There’s no doubt that the World of Hyatt loyalty program is an excellent program if you’re a top-tier elite. But if you’re just trying to redeem points, it can be frustrating. And I’m done playing games with World of Hyatt.
Since Marriott absorbed Starwood Preferred Guest into Marriott Rewards and gave us the awful Bonvoy program, the World of Hyatt has been the darling of the points & miles world. They’re often lauded for their Globalist benefits, which includes confirmed suite upgrades. But, for me, a lowly Explorist, the benefits are mediocre at best. Plus, I find it far more difficult to use Hyatt points than those of Marriott or Hilton.
Award Night Hell
As you all know, I don’t travel a whole heck of a lot – maybe two or three times per year. So, often, I’ll try to use my World of Hyatt Visa certificate close to home. But, despite Hawaii being home to a few properties at which you can use the certificate, you kind of can’t unless you’re willing to redeem additional points. For example, I recently learned that the Lahaina Shores is a Category 4 hotel. But when I tried to redeem, I couldn’t find any available inventory.
I contacted @HyattConcierge via Twitter, and it turns out the property has a 3-night minimum for stays. That minimum also applies for cash stays, so whatever, that’s fine. But, back on Oahu, the Hyatt Centric Waikiki enforces a three-night minimum for award stays only. And on the other side of things, on Maui, the Andaz Maui has a whopping eight-night minimum! Clearly, the Hyatt Centric and Andaz are trying to discourage or prevent awards or points from being used at their properties. And both are in clear violation of Hyatt’s Terms & Conditions. Of course, Hyatt doesn’t care – in fact, Hyatt implemented the Andaz award minimum when they OWNED the place! It’s worth noting that, before Andaz Maui closed for COVID-19 travel restrictions, they were still sticking to the eight-night minimum!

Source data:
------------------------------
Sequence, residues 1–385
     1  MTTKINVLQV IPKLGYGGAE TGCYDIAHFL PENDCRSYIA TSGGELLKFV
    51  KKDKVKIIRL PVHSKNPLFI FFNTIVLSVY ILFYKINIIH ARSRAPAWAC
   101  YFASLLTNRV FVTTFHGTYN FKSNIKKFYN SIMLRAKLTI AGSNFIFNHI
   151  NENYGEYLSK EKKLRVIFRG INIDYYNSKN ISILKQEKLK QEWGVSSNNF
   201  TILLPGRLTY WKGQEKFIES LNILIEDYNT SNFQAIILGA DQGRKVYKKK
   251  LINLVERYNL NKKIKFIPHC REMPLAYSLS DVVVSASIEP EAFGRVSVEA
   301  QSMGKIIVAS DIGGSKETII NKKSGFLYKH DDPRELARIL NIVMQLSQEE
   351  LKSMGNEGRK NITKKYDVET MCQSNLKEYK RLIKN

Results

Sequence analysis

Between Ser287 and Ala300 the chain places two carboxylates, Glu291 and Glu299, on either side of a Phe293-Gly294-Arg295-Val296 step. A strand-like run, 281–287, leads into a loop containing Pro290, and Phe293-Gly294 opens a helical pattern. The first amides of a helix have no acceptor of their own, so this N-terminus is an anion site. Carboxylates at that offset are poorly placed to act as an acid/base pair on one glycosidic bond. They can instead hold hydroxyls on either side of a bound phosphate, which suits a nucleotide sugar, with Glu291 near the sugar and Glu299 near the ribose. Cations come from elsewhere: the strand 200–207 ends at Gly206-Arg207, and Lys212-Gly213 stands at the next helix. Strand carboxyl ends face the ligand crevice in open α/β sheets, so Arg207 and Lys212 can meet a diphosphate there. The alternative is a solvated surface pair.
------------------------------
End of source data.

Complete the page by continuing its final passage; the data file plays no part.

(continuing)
What Hyatt’s Terms Say
If you refer to the World of Hyatt terms & conditions, they have a rather vague statement saying that award reservations are subject to the reservation requirements of the individual hotel or resort such as a minimum length of stay.
I interpret this as, if the property has a minimum stay requirement for cash stays, then it applies to award stays. So, in Lahaina Shores’ case, they’re within their right. But the Hyatt Centric and the Andaz? Hell no.
Of course, if you bring this up to World of Hyatt, and even escalate to a manager, they say there’s nothing they can do about this. Even when the Andaz Maui was owned by Hyatt, it was the same story. So, why even have terms & conditions you won’t enforce, Hyatt?
Perhaps a better question becomes, then, why even offer the ability to redeem points for nights if you’re going to make doing so so difficult? I get it. Certain properties are always going to be popular, so you’d want some kind of limiting factor, such as charging more points per night, etc. But to institute minimum stays requirements for award stays that no one is really going to make seems to defeat the purpose, in my opinion. And, as far as award stays go, such practices make the World of Hyatt worse than Marriott Bonvoy and Hilton Honors.
I’m Done Playing Games with World of Hyatt, Final Thoughts
Look, I get it, these programs aren’t meant to be fair to the participants. The house is always going to win. But what’s the point in offering award stays if you don’t want people to make them? All it does is create animosity and cheapens your brand. And that’s why, despite my frustration with Marriott, I’ll never switch to Hyatt.
My frustrations with Hyatt are also why I’ve made Hilton my second choice. Yeah, their value proposition sucks and their elite benefits are weak, but at least their award redemptions (usually) aren’t as bad of a shitshow as Hyatt’s. In fact, I’m more likely to redeem Ultimate Rewards points at Hyatt than I am World of Hyatt points. To hell with their “benefits.” And while I frequently stay at Mlife properties in Vegas, I never credit those stays to Hyatt either. At this point, it makes more sense for me to credit them to Mlife Rewards instead.
Oh, and for all my readers in Hawaii, it’s worth reminding that Hyatt WILL NOT give you points and elite qualifying night credits for stays booked on kama’aina rates, while Hilton and Marriott do. I learned this the hard way several years ago. And, yet, you can earn elite night credits for award stays. I don’t get it. That’s just another reason to not give them your business.